Deceptive Trade Practices – An Overview

In the conduct of business, we want to give ourselves a competitive advantage in order to attract the attention of potential customers. This is where marketing and promotional efforts come in. Unfortunately, some businesses go over board to the point of resorting to illegal practices in order to get the advantage that they want. According to the website of Slater Pugh, Ltd. LLP, engaging in such unlawful practices may subject businesses to lawsuits.

A deceptive trade practice is defined as an activity that is likely to mislead the public especially the consumers. It is illegal due to the negative effects it can have on consumers and general public. Federal and state laws prohibit the use of such practices. There are different types of deceptive practices that businesses should avoid and here are some of them:

Price Deception

This is an example of an advertisement that provides customers with incorrect or misleading information about the price of a certain product. According to the Federal Trade Commission, advertisements must fully disclose the price that a consumer will pay for a product. It should also be transparent with any discounts, sales, or markdowns.

Bait and Switch

In bait and switch, the advertiser makes a certain claim about the price or availability of a product but with no intention to really sell the product or sell it for a higher price. When the customer responds to the advertisement, the advertiser will take advantage and sell a more expensive product or a different price that was advertised.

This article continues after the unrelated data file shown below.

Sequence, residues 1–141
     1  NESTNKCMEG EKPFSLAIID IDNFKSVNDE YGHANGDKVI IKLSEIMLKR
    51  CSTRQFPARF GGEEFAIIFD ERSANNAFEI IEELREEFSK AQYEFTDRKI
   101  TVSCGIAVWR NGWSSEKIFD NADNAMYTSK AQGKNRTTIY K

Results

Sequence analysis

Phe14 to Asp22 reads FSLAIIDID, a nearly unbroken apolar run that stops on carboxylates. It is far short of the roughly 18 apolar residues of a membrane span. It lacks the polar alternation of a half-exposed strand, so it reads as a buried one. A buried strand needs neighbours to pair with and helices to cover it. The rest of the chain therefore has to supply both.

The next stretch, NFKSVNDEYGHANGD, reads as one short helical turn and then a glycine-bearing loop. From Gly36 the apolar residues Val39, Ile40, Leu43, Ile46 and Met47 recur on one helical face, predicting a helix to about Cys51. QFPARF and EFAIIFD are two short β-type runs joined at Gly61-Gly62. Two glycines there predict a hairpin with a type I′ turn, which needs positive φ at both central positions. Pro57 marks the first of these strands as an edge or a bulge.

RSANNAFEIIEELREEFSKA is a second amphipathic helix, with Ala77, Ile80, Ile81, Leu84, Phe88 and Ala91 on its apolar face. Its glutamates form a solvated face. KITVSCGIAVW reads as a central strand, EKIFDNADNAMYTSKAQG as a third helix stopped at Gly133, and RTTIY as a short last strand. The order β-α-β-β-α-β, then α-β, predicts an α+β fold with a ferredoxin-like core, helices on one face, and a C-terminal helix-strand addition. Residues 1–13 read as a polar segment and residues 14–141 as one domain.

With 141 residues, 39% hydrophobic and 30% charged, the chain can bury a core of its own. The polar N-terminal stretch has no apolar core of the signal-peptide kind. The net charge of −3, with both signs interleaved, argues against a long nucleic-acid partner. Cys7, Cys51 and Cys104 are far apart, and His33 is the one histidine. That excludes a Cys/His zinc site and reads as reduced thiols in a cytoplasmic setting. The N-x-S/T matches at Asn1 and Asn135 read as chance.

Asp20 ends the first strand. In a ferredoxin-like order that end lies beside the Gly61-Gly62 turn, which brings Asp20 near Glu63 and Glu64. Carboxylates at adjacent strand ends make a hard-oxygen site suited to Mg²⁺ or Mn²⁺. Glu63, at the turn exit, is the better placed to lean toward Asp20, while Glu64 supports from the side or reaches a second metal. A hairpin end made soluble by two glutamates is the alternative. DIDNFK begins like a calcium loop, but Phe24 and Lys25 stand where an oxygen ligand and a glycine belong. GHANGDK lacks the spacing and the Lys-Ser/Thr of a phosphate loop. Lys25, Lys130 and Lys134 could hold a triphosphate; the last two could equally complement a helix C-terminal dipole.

Quality or Origin Deception

Deceiving consumers about quality or origin without substantiating it is another illegal practice. Thus, you cannot claim that a product was “Made in the USA” if it was manufactured in another country. Likewise, you need to fully disclose any defects in quality or if the product is useful for other purposes it was not adequately designed for.

False Environmental Claims

The Federal Trade Commission also warns businesses on using misleading environmental claims such as “recycled,” “biodegradable,” “compostable,” or environmental-friendly.” Such claims should be supported by “competent and reliable scientific evidence.” They can mislead customers even if some part has environmental attributes but major components do not.

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